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Words for Granted

Ray Belli

45
Followers
124
Plays
Words for Granted
Words for Granted

Words for Granted

Ray Belli

45
Followers
124
Plays
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Hear my episodes ads free! Get one bonus episode per series! Get access to episodes one day early! Become part of the private member community where you can talk directly to me and other fans!

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About Us

Words for Granted is a podcast that looks at how words change over time. Host Ray Belli uses linguistic evolution as a way of understanding larger historical and cultural changes.

Member Benefits

As a Words for Granted member on Himalaya, you’ll have access to bonus episodes, ad-free episodes, and transcripts. Through Himalaya’s Community feature, you’ll also be able to directly engage in discussions with me and other fans of the show. All language-oriented topics are welcome! Additionally, I’ll occasionally post “behind the scenes” content such as reading lists and blooper videos of my recording process. Creating a single 25-minute podcast can take upwards of 40 hours of research, writing, and recording time, so your membership goes a long way!

Latest Episodes

Episode 75: Grandmother/Grandfather

Ad-free AvailableWhat makes your parents' parents so ... grand? In today's episode, we trace the etymology and emergence of the French-influenced kinship prefix "grand." We also look at Old English words for "grandparents" and "grandchildren" before the "grand" prefix became conventional. Just for good measure, we also take a look at the kinship prefix "great." To claim your 1-month free trial of the Great Courses Plus, click here.

19 MIN1 weeks ago
Comments
Episode 75: Grandmother/Grandfather

Episode 74: Sibling

Ad-free AvailableToday, "sibling" is one of the most basic kinship terms. However, it wasn't introduced into the language until 1903 by a pair of scientists working on genetics. More accurately, "sibling" wasreintroduced into the language after 1,000 years of dormancy. In this episode, we look at "sibling" in its Old English context and explore its Indo-European roots. Furthermore, we look into the etymology of "brother" and "sister." For your free 1-month trial of The Great Courses Plus, click here.

17 MIN3 weeks ago
Comments
Episode 74: Sibling

Episode 73: Papa/Dada/Father

Ad-free AvailableIn today's episode, we explore the origins of some of the universal characteristics of nursery father terms in languages from around the world. For a 1-month free trial of the Great Courses Plus, click here.

19 MINJUL 13
Comments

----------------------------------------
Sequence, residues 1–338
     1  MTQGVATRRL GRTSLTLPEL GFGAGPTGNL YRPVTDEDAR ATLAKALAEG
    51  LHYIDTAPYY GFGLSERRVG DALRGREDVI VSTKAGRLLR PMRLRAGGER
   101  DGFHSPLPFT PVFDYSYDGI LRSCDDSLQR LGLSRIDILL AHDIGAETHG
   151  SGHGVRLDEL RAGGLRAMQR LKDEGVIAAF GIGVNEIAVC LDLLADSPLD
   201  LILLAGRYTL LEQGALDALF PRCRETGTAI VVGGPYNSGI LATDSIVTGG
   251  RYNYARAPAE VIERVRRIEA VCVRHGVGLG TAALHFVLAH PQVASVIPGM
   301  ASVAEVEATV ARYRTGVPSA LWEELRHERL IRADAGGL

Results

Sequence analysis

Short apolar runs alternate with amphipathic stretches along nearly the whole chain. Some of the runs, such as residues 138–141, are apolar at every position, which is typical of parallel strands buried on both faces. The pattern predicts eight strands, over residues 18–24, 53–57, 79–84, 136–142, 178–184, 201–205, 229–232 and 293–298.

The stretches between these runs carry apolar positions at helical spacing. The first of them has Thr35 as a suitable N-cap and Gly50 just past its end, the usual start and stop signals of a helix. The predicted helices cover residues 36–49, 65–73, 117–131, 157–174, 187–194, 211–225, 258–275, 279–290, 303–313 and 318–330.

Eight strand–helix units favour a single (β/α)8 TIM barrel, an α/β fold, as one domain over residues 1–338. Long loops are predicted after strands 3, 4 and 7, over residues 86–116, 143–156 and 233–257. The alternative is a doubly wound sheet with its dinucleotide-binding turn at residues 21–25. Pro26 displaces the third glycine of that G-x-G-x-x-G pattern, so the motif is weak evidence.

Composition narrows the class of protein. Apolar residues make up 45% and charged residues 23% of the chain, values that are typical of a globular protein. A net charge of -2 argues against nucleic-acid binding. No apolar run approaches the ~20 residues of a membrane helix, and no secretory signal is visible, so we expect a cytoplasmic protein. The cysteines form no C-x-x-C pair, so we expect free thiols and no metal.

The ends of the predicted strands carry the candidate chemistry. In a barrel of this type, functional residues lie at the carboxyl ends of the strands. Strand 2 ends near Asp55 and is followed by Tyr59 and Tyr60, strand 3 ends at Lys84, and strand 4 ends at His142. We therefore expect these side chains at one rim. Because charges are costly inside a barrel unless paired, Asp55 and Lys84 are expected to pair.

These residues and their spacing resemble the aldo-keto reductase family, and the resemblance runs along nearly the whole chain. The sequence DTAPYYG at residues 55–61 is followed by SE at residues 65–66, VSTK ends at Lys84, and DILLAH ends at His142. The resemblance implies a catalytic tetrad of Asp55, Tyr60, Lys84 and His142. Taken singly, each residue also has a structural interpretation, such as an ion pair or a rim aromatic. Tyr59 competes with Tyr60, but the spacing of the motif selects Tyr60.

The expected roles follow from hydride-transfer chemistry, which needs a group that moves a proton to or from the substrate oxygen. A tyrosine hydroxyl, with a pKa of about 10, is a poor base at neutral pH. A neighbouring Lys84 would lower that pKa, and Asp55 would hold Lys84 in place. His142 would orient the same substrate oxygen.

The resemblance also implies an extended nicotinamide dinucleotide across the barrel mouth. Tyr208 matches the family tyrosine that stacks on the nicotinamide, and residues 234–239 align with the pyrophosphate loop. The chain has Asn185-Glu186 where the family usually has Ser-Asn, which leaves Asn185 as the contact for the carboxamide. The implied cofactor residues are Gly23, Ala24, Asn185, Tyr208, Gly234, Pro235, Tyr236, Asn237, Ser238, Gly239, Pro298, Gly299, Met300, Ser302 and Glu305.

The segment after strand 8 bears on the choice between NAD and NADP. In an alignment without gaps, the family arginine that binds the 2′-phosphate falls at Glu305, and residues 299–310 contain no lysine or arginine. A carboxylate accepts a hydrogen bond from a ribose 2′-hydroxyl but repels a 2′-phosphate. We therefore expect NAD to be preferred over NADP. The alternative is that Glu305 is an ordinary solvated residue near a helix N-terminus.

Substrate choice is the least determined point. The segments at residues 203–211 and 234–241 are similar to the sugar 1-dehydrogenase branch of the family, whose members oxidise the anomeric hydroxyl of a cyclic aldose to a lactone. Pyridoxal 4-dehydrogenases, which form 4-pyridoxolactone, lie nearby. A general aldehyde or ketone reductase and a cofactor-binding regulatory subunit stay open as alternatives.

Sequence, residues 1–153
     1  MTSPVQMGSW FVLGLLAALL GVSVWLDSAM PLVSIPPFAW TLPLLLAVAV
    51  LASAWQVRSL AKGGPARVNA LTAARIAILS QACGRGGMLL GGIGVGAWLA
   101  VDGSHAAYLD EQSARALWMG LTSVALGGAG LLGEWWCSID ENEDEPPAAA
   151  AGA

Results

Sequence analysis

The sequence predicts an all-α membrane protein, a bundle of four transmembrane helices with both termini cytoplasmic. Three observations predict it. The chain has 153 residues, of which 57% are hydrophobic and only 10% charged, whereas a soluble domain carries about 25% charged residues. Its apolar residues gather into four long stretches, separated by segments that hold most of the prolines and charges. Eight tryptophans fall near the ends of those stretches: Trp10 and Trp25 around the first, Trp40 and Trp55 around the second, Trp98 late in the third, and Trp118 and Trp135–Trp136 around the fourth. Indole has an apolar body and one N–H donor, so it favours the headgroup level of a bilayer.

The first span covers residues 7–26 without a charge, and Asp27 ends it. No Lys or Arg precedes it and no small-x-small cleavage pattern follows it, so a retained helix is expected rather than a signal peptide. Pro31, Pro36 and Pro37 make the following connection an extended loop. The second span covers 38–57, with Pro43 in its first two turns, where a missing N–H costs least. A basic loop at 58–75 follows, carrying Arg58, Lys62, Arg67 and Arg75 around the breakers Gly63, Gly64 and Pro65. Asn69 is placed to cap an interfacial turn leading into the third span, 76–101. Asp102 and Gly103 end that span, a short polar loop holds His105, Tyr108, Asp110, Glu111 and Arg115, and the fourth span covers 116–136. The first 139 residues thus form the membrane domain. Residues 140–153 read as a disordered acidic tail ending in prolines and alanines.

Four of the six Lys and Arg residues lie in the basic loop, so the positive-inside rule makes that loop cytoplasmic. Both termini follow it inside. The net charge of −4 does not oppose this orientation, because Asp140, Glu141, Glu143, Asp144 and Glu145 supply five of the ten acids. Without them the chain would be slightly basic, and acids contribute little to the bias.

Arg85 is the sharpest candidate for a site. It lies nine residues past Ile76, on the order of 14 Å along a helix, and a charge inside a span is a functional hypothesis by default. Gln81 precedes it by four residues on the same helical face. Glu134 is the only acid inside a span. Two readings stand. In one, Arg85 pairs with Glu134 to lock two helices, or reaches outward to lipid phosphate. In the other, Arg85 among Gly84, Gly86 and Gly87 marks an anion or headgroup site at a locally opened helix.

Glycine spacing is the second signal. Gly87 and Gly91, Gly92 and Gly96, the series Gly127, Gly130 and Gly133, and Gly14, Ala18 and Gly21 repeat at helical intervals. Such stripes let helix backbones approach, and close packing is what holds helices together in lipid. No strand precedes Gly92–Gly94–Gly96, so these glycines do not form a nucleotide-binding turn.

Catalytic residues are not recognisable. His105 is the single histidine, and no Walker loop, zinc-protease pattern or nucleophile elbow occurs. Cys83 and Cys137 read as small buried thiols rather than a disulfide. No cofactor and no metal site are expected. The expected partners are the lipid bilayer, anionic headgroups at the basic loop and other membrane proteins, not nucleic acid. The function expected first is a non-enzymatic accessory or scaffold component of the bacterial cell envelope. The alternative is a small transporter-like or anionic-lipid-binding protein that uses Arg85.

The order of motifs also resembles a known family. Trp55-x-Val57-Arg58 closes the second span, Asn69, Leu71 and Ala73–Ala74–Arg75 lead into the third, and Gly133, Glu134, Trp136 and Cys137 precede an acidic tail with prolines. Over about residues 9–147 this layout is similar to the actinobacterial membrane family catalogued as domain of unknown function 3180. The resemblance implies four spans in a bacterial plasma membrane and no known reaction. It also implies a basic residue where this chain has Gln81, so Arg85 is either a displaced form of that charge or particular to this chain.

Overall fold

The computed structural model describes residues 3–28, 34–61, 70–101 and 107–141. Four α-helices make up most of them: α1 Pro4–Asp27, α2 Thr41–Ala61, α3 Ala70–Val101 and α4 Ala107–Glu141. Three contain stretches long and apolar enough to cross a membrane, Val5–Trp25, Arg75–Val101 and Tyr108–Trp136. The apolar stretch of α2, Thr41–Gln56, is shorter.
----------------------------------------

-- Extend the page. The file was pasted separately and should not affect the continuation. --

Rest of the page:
Episode 73: Papa/Dada/Father

Episode 72: Mama/Mom

Ad-free Available"Mama" is a mysterious word. In the vast majority of languages around the world, the word for "mama" sounds something like ... "mama." In today's episode, we uncover the reason for this peculiar universality. Spoiler alert: It has something to do with babies. For a free 1-month trial of The Great Course plus, click here.

18 MINJUL 1
Comments
Episode 72: Mama/Mom

Episode 71: Noah Webster’s Dictionary

Ad-free AvailableNoah Webster is best known as the father of the first trust American dictionary. However, the success of Webster’s dictionary faced an uphill struggle during his lifetime. In today’s episode, we examine some of these struggles alongside the things that made Webster’s dictionary so different from the English dictionaries that preceded it. Click here to sign up for you free one-month trial of The Great Courses Plus.

30 MINJUN 16
Comments
Episode 71: Noah Webster’s Dictionary

Episode 70: Noah Webster (Early Works and Spelling Reforms)

Ad-free AvailableNoah Webster is best known for his "all-American" dictionary, but in today's episode, we take a look at Webster's earlier works includingThe Grammatical Institute of the English LanguageandDissertations on the English Language. In these works, Webster lays the groundwork for his future dictionary, revealing his political motivations for his spelling reforms and advocation of "American English." Be sure to go to www.thegreatcoursesplus.com/wordsto get a one-month free subscription to The Great Courses Plus!

24 MINMAY 27
Comments
Episode 70: Noah Webster (Early Works and Spelling Reforms)

Episode 69: OK

Ad-free Available"OK" is both the most spoken and written word in the entire world. It's such a fundamental part of modern communication that it's hard to imagine the world without it, yet in spite of its ubiquity and compact versatility, "OK" is under two hundred years old. Today's episode tells the story of the word's origins in 19th century America. If the leading theory is correct, then OK might just be the most successful inside joke of all time.

23 MINMAY 5
Comments
Episode 69: OK

Episode 68: Yankee

Ad-free AvailableThe most popular usage of the word “Yankee” today is in the name of the baseball team, but etymologically, “Yankee” has nothing to do with baseball. “Yankee” is an elusive word whose definitive etymology is unknown and whose connotations change depending on who’s using the term. In today’s episode, we explore the word’s most likely etymology and consider the its implications from various points of view and time periods.

22 MINAPR 13
Comments
Episode 68: Yankee

Episode 67: The American Pronunciation of R (Rhoticity)

Ad-free AvailableOne of the most defining characteristics of the Standard American English accent is “rhoticity,” or the pronunciation of the letter R. Unlike Standard British English, Standard American English always pronounces the letter R regardless of its position within a word. In today’s episode, we trace the origins and evolutions of this feature of Standard American English. (Spoiler alert: The prevalence of American rhoticity has ebbed and flowed over time.)